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The Federal Reserve is reiterating that it will be “patient” in raising rates from record lows but is signalling greater concern about excessively low inflation.

In a statement after its latest policy meeting, the Fed notes that inflation remains well below its 2% target. And it says the factors holding down inflation have intensified since its last meeting in December. Inflation has stayed ultra-low partly because of a plunge in energy prices and a steadily strengthening dollar.

Read: Canadian banks cut home lending rates

The Fed’s decision was unanimous,  writes CIBC World Markets economist Andrew Grantham in a note to analysts. He says it’s possibly because “new voters [are] unwilling to show their hands until the next meeting, when interest rate and economic projections are updated.”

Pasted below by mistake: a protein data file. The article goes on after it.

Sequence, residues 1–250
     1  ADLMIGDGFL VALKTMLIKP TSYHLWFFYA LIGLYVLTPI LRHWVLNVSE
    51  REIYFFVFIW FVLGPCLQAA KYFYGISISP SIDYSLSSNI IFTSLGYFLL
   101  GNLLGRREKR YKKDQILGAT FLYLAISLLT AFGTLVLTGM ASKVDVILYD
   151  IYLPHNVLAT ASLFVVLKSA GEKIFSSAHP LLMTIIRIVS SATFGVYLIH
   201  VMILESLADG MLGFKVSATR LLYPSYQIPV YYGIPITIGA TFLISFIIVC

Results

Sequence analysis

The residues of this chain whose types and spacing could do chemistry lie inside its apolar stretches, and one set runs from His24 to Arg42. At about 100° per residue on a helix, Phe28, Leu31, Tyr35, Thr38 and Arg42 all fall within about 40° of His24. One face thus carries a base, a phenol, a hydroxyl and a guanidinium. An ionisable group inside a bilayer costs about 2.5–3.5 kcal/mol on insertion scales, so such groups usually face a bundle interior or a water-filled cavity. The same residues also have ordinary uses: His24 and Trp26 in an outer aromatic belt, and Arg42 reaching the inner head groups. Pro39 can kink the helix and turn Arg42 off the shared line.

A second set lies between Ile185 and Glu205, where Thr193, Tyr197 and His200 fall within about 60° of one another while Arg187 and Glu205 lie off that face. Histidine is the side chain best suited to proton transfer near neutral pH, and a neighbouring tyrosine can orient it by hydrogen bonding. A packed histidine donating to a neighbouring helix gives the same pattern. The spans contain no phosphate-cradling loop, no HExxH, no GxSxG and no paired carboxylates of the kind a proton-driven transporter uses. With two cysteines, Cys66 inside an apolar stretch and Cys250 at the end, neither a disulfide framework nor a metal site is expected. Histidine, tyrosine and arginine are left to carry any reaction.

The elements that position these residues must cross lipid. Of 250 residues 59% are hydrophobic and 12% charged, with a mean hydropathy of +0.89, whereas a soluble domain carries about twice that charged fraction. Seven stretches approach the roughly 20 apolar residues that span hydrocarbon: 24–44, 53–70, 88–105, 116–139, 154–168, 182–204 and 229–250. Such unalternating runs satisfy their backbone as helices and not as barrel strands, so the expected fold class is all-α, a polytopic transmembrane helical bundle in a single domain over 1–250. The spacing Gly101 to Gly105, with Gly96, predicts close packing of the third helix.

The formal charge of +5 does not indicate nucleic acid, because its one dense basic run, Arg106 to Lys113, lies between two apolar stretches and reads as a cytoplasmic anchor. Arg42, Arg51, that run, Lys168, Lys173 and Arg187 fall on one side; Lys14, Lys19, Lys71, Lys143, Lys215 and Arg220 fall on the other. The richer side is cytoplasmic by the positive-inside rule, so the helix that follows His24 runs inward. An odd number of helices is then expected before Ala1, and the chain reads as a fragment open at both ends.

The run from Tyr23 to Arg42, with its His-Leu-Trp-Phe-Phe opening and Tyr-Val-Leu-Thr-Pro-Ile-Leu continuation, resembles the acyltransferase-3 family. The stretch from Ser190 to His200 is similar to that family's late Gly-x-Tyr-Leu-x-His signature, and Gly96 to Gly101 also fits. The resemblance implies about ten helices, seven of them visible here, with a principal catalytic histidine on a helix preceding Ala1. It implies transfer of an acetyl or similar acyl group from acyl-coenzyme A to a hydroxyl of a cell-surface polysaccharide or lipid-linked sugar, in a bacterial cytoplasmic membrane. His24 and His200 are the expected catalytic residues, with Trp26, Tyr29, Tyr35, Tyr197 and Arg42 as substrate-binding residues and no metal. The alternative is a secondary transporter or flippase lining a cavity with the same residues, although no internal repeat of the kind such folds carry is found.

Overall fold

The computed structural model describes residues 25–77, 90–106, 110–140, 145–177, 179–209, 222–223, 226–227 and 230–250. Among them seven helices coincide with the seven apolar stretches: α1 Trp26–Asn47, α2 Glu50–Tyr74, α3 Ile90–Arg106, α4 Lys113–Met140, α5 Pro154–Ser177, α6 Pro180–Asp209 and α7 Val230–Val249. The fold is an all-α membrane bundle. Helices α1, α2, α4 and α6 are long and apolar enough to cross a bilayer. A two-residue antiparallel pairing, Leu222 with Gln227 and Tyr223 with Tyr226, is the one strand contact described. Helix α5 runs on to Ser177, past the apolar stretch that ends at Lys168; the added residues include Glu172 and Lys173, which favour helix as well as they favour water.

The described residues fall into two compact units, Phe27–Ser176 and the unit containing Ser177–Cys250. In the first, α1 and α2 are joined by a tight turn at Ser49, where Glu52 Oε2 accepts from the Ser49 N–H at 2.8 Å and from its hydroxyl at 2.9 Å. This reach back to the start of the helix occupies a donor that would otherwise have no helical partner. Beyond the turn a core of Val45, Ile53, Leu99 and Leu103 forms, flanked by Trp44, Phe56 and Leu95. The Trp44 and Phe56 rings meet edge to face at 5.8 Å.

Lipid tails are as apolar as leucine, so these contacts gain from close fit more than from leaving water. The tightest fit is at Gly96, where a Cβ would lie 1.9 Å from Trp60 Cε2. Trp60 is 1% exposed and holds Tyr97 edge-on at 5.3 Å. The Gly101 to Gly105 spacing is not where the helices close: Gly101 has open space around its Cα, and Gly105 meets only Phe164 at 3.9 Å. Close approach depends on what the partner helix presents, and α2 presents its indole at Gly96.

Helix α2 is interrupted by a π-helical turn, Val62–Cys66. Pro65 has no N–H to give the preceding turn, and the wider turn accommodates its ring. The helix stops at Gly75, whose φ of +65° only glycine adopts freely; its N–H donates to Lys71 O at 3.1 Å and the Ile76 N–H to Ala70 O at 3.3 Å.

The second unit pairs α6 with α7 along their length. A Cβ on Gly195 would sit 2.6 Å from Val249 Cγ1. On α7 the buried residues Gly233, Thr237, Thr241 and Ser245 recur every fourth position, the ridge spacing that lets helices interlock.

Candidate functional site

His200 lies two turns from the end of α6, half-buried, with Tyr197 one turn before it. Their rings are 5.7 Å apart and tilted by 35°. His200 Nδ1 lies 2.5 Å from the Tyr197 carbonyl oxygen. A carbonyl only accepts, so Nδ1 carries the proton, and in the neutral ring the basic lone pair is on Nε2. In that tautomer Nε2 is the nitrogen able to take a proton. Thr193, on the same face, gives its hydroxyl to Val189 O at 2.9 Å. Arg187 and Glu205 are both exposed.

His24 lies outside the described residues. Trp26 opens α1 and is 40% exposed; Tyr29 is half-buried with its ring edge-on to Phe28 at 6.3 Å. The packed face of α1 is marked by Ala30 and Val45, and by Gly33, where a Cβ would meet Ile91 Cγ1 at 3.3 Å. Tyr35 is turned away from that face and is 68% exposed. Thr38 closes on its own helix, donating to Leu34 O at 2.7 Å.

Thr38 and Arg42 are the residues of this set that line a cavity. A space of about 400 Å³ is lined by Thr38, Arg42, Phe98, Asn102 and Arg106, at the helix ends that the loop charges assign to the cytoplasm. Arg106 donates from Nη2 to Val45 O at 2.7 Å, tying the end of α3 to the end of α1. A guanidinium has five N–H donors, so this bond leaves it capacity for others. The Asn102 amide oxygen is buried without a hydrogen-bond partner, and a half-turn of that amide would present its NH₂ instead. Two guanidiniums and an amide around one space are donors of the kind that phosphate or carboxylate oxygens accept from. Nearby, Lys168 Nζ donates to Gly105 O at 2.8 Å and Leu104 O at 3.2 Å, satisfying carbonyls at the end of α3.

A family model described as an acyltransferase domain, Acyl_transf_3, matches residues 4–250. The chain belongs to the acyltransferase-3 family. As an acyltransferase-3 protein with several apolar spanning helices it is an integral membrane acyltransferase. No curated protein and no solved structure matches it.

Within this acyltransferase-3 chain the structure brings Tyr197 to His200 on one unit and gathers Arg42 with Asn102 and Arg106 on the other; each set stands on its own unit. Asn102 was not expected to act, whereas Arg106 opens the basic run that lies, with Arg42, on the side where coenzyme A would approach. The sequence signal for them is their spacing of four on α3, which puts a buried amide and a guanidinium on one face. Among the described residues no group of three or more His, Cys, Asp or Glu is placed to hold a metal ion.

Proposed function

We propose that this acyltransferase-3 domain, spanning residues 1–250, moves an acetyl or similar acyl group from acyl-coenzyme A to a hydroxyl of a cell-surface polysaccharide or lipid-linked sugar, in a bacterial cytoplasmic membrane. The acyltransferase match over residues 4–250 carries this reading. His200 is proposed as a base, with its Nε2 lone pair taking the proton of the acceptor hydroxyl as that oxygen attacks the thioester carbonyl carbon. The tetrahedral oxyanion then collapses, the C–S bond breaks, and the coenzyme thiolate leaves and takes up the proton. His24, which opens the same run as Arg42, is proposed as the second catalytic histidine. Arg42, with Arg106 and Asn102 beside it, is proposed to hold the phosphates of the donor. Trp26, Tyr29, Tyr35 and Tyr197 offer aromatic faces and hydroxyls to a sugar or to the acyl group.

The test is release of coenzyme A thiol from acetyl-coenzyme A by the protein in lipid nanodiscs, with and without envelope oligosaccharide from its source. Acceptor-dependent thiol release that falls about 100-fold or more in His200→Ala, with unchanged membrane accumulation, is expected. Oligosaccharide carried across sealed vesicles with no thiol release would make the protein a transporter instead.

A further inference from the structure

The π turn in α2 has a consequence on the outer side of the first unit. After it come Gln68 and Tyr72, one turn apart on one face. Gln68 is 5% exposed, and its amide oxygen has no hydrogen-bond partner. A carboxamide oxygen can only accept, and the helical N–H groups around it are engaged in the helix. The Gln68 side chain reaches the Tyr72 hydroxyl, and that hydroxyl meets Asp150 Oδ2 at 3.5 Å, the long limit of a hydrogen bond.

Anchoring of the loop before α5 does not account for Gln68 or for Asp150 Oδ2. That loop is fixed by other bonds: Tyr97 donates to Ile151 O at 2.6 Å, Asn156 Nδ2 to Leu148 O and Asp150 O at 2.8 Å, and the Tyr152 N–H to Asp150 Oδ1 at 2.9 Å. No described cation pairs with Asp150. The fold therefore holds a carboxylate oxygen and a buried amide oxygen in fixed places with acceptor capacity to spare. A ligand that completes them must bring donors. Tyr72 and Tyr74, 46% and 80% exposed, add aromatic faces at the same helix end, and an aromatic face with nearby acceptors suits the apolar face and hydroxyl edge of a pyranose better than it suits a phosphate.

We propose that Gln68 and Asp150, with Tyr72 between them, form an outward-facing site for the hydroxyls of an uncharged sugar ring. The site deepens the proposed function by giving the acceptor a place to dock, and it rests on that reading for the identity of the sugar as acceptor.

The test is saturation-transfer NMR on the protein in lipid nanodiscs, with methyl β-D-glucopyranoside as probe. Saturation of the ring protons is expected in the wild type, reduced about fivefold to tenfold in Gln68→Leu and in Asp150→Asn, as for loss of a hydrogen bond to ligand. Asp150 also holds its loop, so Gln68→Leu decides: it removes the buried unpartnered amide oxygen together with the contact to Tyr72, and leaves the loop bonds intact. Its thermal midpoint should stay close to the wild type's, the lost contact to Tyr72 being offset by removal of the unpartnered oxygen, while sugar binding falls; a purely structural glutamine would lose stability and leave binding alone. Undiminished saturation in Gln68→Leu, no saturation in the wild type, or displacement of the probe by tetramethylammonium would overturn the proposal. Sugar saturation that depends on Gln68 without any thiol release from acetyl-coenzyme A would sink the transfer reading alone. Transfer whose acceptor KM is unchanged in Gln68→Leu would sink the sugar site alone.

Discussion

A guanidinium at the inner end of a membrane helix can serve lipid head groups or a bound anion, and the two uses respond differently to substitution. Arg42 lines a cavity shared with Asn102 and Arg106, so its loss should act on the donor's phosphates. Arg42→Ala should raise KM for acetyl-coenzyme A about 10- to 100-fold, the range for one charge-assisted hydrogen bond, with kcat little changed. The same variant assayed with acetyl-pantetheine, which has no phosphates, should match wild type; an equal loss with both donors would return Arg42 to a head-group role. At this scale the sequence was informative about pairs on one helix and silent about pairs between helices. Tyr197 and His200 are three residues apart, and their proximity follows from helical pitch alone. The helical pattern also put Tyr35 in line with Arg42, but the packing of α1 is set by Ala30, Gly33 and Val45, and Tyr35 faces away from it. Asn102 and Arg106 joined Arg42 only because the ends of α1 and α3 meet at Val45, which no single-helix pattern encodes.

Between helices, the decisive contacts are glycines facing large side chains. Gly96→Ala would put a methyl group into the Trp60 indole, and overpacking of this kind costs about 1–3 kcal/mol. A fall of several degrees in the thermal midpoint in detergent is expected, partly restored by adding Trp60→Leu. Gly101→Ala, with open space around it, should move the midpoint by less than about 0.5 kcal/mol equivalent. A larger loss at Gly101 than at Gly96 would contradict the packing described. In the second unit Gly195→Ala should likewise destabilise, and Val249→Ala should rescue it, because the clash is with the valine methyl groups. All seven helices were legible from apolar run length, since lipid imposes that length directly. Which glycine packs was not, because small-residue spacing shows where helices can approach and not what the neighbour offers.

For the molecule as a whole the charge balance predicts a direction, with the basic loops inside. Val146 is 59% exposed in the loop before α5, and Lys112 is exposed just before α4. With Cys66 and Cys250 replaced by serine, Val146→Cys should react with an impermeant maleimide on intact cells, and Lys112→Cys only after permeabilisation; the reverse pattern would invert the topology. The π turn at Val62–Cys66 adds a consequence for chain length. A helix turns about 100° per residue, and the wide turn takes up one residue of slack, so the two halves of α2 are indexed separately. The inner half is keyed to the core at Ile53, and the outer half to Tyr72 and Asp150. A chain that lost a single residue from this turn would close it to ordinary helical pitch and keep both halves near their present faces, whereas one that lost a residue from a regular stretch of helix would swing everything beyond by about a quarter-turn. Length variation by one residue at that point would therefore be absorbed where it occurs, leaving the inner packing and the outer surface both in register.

The Fed says that inflation will likely decline further before starting to rise gradually.

The Fed’s new concerns about low inflation could affect when it decides to raise its key short-term rate from near zero. Many economists have forecast a Fed rate hike in June but some have pushed back that timetable.

The Fed’s assessment of the overall economy was upgraded to a “solid pace” from the moderate pace they saw before, notes Grantham.

Also read:

Domestic bond yields to remain low: Blackrock

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Originally published on Advisor.ca

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